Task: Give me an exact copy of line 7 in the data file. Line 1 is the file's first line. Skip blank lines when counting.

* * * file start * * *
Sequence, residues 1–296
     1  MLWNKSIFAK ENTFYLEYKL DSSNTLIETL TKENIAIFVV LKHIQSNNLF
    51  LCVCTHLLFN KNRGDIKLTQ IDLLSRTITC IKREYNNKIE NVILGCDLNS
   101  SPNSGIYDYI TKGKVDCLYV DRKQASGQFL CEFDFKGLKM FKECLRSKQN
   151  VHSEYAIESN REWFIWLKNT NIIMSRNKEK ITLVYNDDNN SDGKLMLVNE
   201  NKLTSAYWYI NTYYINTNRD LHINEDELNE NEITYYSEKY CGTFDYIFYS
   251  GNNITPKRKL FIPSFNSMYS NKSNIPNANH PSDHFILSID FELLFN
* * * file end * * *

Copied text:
   251  GNNITPKRKL FIPSFNSMYS NKSNIPNANH PSDHFILSID FELLFN